The noise was deafening as the SwissSkills team was welcomed back to Zurich by friends and family after a very successful stint at the WorldSkills trade skills competition in Russia.
Around 600 people, some with banners of congratulation, had assembled in a sports hall near the city’s airport, for a special reception on Thursday afternoon. There was thunderous applause, roars of support and much ringing of cowbells from the crowd as the delegation - smartly clad in navy blazers and red trousers or skirt - made its way onto the stage.
The 39-member team,external link all aged between 17-22, had been put to the test over four days at WorldSkillsexternal link, a kind of Olympics for trade skills, assessing areas from hairdressing to joinery, to electronics and carpentry. The competition, which wrapped up in Kazan, in western Russia, on Tuesday evening, resulted in 16 medals for Switzerland: five gold, five silver and six bronze. Only China and Korea earned more medals than SwissSkills, the top European team.
Martina Wick, who won a gold in the restaurant service category, received the "best of nation award" for receiving the highest number of points in the Swiss team.
But it was not just the winners who were feted: every member received a certificate of some kind, an acknowledgement of just how much sweat, blood and tears had gone into the competition. There were stories of people coming over adversity: one pâtissier-confectioner’s equipment failed during a crucial moment; she didn’t get a medal but she, with the help of her expert, who had trained her for the competition, was able to overcome her disappointment and keep on going.
The best of nation
swissinfo.ch was able to catch up with some of the medal winners after the main event, among them the best of nation winner Martina Wickexternal link, who works for a hotelexternal link in Appenzell. What was the biggest challenge of the competition, swissinfo.ch wanted to know? “I think it was to work at a consistently high level over the four days. Mentally it was very demanding, always being in top form,” she replied.
Wick was tested in five areas: fine dining including wine service, banquet, casual, coffee and bar service. The 21-year-old originally trained as a chef, so restaurant service is actually her second apprenticeship, a testimony to the flexibility of the Swiss apprenticeship system. What does a restaurant service champion need? “The guest has to feel comfortable and they feel this when they meet nice, charming waiting staff,” Wick outlined. “If a mistake happens, they are less likely to be bothered by it.
IT technician Nicolas Ettlinexternal link, from Geneva, was, at 17 years old, the youngest Swiss participant and the only one who has not yet finished his vocational training (he will get his certificate next week). He won silver in the web technologies category, which involved building websites from scratch.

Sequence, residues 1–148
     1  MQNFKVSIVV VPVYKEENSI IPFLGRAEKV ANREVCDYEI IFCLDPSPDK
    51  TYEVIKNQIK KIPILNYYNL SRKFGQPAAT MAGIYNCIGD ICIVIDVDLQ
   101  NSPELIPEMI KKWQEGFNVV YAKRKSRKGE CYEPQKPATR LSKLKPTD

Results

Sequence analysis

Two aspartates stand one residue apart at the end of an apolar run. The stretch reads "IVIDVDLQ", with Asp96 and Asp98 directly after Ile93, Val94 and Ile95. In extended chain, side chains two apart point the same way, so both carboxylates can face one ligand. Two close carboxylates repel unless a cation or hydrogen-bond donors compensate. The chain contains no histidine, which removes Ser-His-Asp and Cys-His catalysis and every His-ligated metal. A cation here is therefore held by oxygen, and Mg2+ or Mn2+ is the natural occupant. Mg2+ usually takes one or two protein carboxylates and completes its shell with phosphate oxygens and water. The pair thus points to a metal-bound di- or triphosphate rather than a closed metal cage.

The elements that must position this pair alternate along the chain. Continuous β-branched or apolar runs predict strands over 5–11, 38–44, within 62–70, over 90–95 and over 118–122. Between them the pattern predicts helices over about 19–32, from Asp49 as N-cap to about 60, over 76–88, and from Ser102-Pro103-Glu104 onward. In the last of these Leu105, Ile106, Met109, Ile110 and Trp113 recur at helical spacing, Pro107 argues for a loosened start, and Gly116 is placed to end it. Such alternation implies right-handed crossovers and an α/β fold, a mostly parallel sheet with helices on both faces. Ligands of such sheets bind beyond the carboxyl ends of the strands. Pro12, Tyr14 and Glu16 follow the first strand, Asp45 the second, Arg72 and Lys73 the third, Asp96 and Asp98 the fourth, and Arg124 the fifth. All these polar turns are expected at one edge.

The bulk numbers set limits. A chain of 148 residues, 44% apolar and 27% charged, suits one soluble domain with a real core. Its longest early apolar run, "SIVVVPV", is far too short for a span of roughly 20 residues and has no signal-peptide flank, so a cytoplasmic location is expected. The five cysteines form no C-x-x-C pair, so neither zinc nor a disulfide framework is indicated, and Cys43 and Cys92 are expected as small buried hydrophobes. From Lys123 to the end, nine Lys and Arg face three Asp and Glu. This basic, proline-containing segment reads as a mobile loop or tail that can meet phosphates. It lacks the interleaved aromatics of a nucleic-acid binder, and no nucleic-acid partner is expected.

Ettlin explained that his training was slightly unusual for the SwissSkills team: “I am the only one doing an apprenticeship entirely in an IT training schoolexternal link,” he said, rather than doing the usual dual vocational training system of 1-2 days in a school and the rest of the week in a company, for which Switzerland is known.
What’s more, he’ll be going on to study at the Federal Institute of Technology Lausanne (EPFL), for which he will need to do a year of preparation (for the University Aptitude Testexternal link (UAT), which allows those with vocational training to study at a regular university).
“It is good to see that in Switzerland when you do an apprenticeship no door is closed,” Ettlin said. It was important for him to get practical experience of computing first – and of course, it allowed him to take part various professional trade competitions. “This was an amazing experience that I could never have with a formal education system,” he added.
The cabinet maker: update
Also winning silver was 19-year-old cabinet maker Samanta Kämpf,external link whom we met in our opening story on what the Swiss team was doing to get ready for WorldSkills in Kazan.
Kämpf, who works at a kitchen companyexternal link, told swissinfo.ch that she still couldn’t quite believe it that all the hard work had paid off. She had 22 hours to make a piece of furniture to plan and the biggest challenge for her was the timing, especially on the two first days.
And what does it take to be a champion cabinet maker? Perseverance and passion for your work, she said, the latter being something which IT apprentice Ettlin also mentioned as being key. “If you are passionate about your work, then it will all work out,” Kämpf said.
The five gold medals went to the following participants: restaurant service specialist Martina Wick (who had to highest score of all Swiss; see video below), baker/confectioner Sonja Durrer, wall and floor tiler Renato Meier, electrician Florian Baumgartner and the landscape gardening team of Mario Enz and Fabian Hodel. The full result list with trainer names can be found hereexternal link.
Around 1,600 participants from 63 nations took part in WorldSkills.end of infobox